Though the main concerns of most anti-fracking activists continue to be the devastation to water quality, community health issues, and the role hydraulic fracture drilling plays in planetary global warming, a new study reveals that the practice can also have much larger impacts on another dangerous phenomenon: earthquakes.
It's not news that gas drilling causes small, localized tremors around fracking sites, but new research presented by one of the top seismology labs in the world on Thursday shows how "swarms of minor earthquakes"—as Reuters reports—can lead to subsequent and larger ones with much more dire consequences.
Geologists have known for 50 years that injecting fluid underground can increase pressure on seismic faults and make them more likely to slip. The result is an "induced" quake.
A recent surge in U.S. oil and gas production - much of it using vast amounts of water to crack open rocks and release natural gas, as in fracking, or to bring up oil and gas from standard wells - has been linked to an increase in small to moderate induced earthquakes in Oklahoma, Arkansas, Ohio, Texas and Colorado.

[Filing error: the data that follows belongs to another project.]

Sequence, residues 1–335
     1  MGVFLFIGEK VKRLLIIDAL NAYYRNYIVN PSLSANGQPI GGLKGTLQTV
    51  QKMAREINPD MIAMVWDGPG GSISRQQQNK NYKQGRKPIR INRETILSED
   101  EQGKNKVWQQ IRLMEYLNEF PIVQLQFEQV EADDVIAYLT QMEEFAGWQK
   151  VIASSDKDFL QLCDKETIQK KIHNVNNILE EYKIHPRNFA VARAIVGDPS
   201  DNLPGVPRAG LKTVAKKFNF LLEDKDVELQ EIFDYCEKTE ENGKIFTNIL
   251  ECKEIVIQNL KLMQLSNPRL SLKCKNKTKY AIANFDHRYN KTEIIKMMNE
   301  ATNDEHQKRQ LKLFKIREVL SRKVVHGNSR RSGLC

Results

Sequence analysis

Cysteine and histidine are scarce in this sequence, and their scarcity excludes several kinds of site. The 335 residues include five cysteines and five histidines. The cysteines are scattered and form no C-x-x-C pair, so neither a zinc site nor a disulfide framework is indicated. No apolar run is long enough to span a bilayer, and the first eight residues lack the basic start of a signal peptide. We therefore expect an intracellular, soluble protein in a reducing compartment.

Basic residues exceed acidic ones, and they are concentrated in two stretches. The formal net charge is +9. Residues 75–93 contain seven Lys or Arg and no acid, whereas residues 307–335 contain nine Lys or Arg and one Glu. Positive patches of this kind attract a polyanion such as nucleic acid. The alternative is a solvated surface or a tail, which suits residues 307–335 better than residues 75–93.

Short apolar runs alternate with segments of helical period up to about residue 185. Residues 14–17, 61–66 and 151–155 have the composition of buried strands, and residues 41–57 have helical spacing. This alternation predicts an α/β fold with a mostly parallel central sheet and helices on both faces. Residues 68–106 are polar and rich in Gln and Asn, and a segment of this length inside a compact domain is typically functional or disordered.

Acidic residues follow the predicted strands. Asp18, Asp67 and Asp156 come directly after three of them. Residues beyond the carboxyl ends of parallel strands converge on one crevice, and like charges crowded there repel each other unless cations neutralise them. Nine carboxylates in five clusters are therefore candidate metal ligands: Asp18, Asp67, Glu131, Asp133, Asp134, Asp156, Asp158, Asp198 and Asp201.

Now seismologists at Columbia University say they have identified three quakes - in Oklahoma, Colorado and Texas - that were triggered at injection-well sites by major earthquakes a long distance away.
"The fluids (in wastewater injection wells) are driving the faults to their tipping point," said Nicholas van der Elst of Columbia's Lamont-Doherty Earth Observatory in Palisades, New York, who led the study. It was funded by the National Science Foundation and the U.S. Geological Survey.
SCROLL TO CONTINUE WITH CONTENT
Something is Happening. People are Drawing Lines.
And We’ve Got It Covered.
But we can't do it without you. Please support our Winter Campaign.
As news of the the latest scientific findings reverberated in the news cycle, filmmaker and anti-fracking activist Josh Fox appeared on Democracy Now! to discuss their significance and discuss his latest film, Gasland 2, which takes an up-close look at the global fracking boom and the political economy of the gas industry that supports it.
Beyond the deeply troubling destruction that gas fracking has done to the communities where drilling has occurred—including the potential damage caused by earthquakes and injection wells—Fox emphasizes that the global impacts of natural gas on global warming should be of paramount concern.
"Moving from coal to fracked gas doesn’t give you any climate benefit at all," Fox said in a pushback to claims that gas is less damaging to the climate than coal or oil. "So the plan should be about how we’re moving off of fossil fuels and onto alternate energy."
Watch the full interview: